There are few hard and fast rules here. Here’s some advice from our friends over at Bible Toolshed:

You may have decided that you want to read the Bible, but which Bible? There are a bewildering variety of Bible translations in English, not to mention different sizes and style of Bible even within the same translation. One good idea is to have one of the classic older translations, and a good modern translation as well. […] To some extent your choice will depend where you are already in terms of your familiarity with the Bible, and with what you hope to get out of it. If you are very unfamiliar…you might be best to get a readable modern translation like the NIV or ESV. If you are meeting and discussing with believers who regularly use a particular translation, you might find it easier to be on the same page (quite literally!) with whatever they happen to be using. If you are interested in a closer examination and study of the Bible, you will probably find it useful to have a more literal translation, if not as the basis of your studies, then at least for comparison.

A good strategy is to have the best of both worlds. Give the classic King James or Authorised Version (AV or KJV) a try, and try a modern version as well (NIV or ESV…). …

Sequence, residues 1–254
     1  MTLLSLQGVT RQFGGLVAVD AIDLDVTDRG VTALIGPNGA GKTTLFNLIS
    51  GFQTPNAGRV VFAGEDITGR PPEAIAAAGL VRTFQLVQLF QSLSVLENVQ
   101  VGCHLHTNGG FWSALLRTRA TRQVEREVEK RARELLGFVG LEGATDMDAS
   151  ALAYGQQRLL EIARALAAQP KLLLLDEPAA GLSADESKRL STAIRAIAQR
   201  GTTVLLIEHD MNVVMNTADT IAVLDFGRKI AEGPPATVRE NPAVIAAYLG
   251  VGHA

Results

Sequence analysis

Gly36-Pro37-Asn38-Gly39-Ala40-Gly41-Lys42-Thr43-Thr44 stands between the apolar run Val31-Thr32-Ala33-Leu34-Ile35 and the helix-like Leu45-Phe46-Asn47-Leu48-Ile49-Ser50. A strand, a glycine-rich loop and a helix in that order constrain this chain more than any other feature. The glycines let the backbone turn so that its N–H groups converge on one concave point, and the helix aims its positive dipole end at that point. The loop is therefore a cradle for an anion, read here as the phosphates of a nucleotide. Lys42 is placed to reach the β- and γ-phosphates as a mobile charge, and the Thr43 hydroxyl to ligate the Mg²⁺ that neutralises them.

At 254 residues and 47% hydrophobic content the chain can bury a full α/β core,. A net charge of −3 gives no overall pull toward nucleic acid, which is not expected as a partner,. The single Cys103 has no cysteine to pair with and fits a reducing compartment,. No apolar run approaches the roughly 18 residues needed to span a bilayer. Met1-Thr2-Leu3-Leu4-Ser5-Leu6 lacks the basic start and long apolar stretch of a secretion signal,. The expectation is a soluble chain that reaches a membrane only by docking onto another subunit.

A couple of points to remember: first, it’s generally better not to go for one of the more strongly paraphrasing translations; second, no one translation has a monopoly on truth; third, whichever you choose, remember to use others for comparison, particularly when you are drawing big doctrinal conclusions; fourth, while some versions may obscure things a bit, any reputable Bible translation will help you in your understanding of God and His purpose – don’t get so hung up on the question of which translation that you never get round to actually reading the Bible!1

For anyone who wants to read the Bible seriously, it’s a good idea to have, say, a couple of different Bible translations for comparison. One idea might be to have an older translation like the KJV, RV or even the RSV, plus a more modern translation like the NIV or the ESV…. For more serious Bible reading and study you might well want to add a couple more.2

Personally, I most often read an NIV and also use an NASB (although I’ll often read and check other versions. You can do this easily on websites like Bible Gateway, Blue Letter Bible or Bible Study Tools, which have many versions available online3).

Another version that is quite popular with some of the authors here on BibleQ is the NET (New English Translation), which is available online here:

1. Source: ‘Choosing a translation‘.
2. Source: ‘Modern translations‘.
3. Bible Gateway provides ~27 English versions of the Bible, Blue Letter Bible ~11 and Bible Study Tools ~29.

Tagged with →  
Share →

One Response to Which Bible version should I use?

Leave a Reply

Your email address will not be published. Required fields are marked *